In a sign of the rising power of Islamists in Turkey, more than 100,000 people recently gathered in Diyarbakir, the main city in Turkey’s predominantly Kurdish southeast, to mark the birthday of the Prophet Muhammad. The gathering highlighted tensions with the pro-secular Kurdish nationalist movement. Dorian Jones reports from Diyarbakir.
    Video

    Video Pakistani School Helps Slum Kids

    Master Mohammad Ayub runs a makeshift school in a public park in Islamabad. Thousands of poor children have benefited from his services over the years, but, as VOA's Ayesha Tanzeem reports, roughly 25 million school-age youths don't get an education in Pakistan.
    Video

    Video Florida’s Weeki Wachee ‘Mermaids’ Make a Splash

    Since 1947, ‘mermaids’ have fascinated tourists at central Florida’s Weeki Wachee Springs State Park with their fluid movements and synchronized ballet. Performing underwater has its challenges, including cold temperatures and a steady current, as VOA’s Lin Yang and Joseph Mok report.
    Video

    Video Somali, African Union Forces Face Resurgent Al-Shabab

    The Islamic State terror group claimed its first attack in Somalia earlier this week, though the claim has not been verified by forces on the ground. Meanwhile, al-Shabab militants have stepped up their attacks as Somalia prepares for elections later this year. Henry Ridgwell reports there are growing frustrations among Somalia’s Western backers over the country’s slow progress in forming its own armed forces to establish security after 25 years of chaos.
    Video

    Video Bangladesh Targeted Killings Spark Wave of Fear

    People in Bangladesh’s capital are expressing deep concern over the brutal attacks that have killed secular blogger, and most recently a gay rights activist and an employee of the U.S. embassy. Xulhaz Mannan, an embassy protocol officer and the editor of the country’s only gay and transgender magazine Roopban; and his friend Mehboob Rabbi Tanoy, a gay rights activist, were hacked to death by five attackers in Mannan’s Dhaka home earlier this month.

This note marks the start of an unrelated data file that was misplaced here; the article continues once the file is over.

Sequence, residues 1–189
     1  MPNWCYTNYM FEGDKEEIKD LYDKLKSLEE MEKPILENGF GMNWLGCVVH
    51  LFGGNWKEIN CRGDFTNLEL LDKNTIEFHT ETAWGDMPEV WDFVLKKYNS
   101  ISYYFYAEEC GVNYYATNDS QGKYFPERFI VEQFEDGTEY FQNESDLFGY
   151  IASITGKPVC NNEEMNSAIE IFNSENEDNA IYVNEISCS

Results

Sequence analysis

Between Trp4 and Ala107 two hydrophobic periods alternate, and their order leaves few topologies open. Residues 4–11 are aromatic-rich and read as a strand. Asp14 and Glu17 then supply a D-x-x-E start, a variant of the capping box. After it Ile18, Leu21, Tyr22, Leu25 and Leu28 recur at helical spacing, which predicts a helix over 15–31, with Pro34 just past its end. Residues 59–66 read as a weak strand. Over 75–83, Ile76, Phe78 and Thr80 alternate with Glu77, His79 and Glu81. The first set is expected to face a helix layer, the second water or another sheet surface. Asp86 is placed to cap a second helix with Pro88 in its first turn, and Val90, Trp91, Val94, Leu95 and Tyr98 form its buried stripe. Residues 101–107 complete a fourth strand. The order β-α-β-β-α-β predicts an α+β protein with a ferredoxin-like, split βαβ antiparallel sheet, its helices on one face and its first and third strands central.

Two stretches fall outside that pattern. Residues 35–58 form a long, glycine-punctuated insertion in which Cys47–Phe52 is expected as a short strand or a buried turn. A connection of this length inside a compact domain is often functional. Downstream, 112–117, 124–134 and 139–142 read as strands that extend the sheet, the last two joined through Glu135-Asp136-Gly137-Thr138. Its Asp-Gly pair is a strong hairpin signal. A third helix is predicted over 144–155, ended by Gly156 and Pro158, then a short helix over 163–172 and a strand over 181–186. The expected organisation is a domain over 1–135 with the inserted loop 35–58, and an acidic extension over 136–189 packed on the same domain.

Video

    Video Documentary Tells Tale of Chernobyl Returnees

    Ukraine this week is marking the 30th anniversary of the world's worst nuclear accident, at the Chernobyl nuclear power plant. Soviet officials at first said little about the accident, but later evacuated a 2,600-square-kilometer "exclusion zone." Some people, though, came back. American directors Holly Morris and Anne Bogart created a documentary about this faithful and brave community. VOA's Tetiana Kharchenko reports from New York on "The Babushkas of Chernobyl." Carol Pearson narrates.
    Video

    Video Nigerians Feel Bite of Buhari Economic Policy

    Despite the global drop in the price of oil, Nigerian President Muhammadu Buhari has refused to allow the country's currency to devalue, leading to a shortage of foreign exchange. Chris Stein reports from Lagos businessmen and consumers are feeling the impact as the country deals with a severe fuel shortage.
    Video

    Video  Return to the Wild

    There’s a growing trend in the United States to let old or underused golf courses revert back to nature. But as Erika Celeste reports from one parcel in Grafton, Ohio, converting 39 hectares of land back to green space is a lot more complicated than just not mowing the fairway.
    Video

    Video West Urges Unity in Libya as Migrant Numbers Soar

    The Italian government says a NATO-led mission aimed at stemming the flow of migrants from Libya to Europe could be up and running by July. There are concerns that the number of migrants could soar as the route through Greece and the Balkans remains blocked. Western powers say the political chaos in Libya is being exploited by people smugglers — and they are pressuring rival groups to come together under the new unity government. VOA's Henry Ridgwell reports.
    Video

    Video Russia’s TV Rain Swims Against Tide in Sea of Kremlin Propaganda

    Russia’s media freedoms have been gradually eroded under President Vladimir Putin as his government has increased state ownership, influence, and restrictions on critical reporting. Television, where most Russians get their news, has been the main target and is now almost completely state controlled. But in the Russian capital, TV Rain stands out as an island in a sea of Kremlin propaganda.

    Special Report

    Adrift The Invisible African Diaspora